How Australians can reduce antibiotic resistance
Statement from Australia’s Chief Veterinary Officer and Chief Medical Officer
World Antibiotic Awareness Week, 13 – 19 November 2017
To mark World Antibiotic Awareness Week for 2017, we are calling for all Australians, including all prescribers in human and animal health, to pause and consider antibiotic use.
Antibiotic resistance is happening now in Australia and around the world. We need to take urgent action to reduce antibiotic resistance in Australia.
The more we use antibiotics, the more chance bacteria have to become resistant to them.
We know that antibiotics are overused in human health in Australia. Australia is currently ranked one of the highest users of antibiotics compared to similar countries.
A growing number of infections – such as pneumonia, tuberculosis, and gonorrhoea – are becoming harder to treat as the antibiotics used to treat them become less effective.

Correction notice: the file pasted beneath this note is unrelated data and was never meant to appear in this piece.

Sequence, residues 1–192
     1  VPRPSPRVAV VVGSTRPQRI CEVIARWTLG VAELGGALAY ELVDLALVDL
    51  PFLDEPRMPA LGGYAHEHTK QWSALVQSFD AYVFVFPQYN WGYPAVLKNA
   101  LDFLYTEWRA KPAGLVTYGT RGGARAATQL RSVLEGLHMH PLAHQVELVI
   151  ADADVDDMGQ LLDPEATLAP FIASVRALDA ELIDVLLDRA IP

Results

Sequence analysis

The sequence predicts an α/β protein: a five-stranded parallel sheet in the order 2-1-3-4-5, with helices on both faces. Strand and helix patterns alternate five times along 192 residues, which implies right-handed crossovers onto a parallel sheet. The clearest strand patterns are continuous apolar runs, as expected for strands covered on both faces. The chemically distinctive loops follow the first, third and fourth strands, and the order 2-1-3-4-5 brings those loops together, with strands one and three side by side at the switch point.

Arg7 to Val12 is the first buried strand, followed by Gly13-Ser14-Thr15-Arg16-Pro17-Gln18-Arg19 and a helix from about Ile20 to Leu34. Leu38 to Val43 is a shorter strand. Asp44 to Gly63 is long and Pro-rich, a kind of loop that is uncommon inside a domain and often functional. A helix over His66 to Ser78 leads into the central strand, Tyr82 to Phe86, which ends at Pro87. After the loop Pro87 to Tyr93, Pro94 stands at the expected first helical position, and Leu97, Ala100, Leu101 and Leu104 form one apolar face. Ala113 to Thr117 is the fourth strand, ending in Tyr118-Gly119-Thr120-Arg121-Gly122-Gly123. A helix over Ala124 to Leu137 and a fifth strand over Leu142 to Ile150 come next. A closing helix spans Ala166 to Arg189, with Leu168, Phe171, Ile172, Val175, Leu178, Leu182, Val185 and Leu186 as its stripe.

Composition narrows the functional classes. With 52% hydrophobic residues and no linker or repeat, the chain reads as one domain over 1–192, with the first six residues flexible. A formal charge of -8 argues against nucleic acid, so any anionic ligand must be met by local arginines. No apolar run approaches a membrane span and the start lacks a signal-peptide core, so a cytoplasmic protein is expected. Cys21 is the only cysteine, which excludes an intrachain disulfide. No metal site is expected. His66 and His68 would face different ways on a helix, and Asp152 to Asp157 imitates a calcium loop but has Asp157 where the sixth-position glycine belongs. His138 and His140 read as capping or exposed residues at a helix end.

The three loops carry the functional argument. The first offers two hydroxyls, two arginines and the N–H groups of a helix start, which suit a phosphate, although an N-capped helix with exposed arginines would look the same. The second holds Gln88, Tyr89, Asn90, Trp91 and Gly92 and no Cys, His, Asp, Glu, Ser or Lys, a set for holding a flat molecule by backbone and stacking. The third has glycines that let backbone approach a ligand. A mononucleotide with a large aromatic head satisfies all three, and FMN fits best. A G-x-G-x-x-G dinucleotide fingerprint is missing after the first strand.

The rise in resistant infections means that both human and animal health care professionals are left with limited, or in some instances, no available treatment options.
Even if new antibiotics are developed, without behaviour change, antibiotic resistance will remain a major threat.
Antibiotics are important medicines, however it is also important that everyone understands that they only work against bacteria. Antibiotics do not work against infections caused by a virus and will not make you feel better.
There are many things that you can do to take action. Visit the new www.amr.gov.au website to find out more information on what you can do to combat antibiotic resistance in Australia.
The website has information for various audiences including:
- General public
- Animal owners
- General practice
- Aged care
- Veterinary practice
- Agriculture and industry
We encourage all Australian’s to get involved in our efforts to reduce antibiotic resistance in Australia.
Dr Tony Hobbs, Acting Chief Medical Officer
Dr Mark Schipp, Chief Veterinary Officer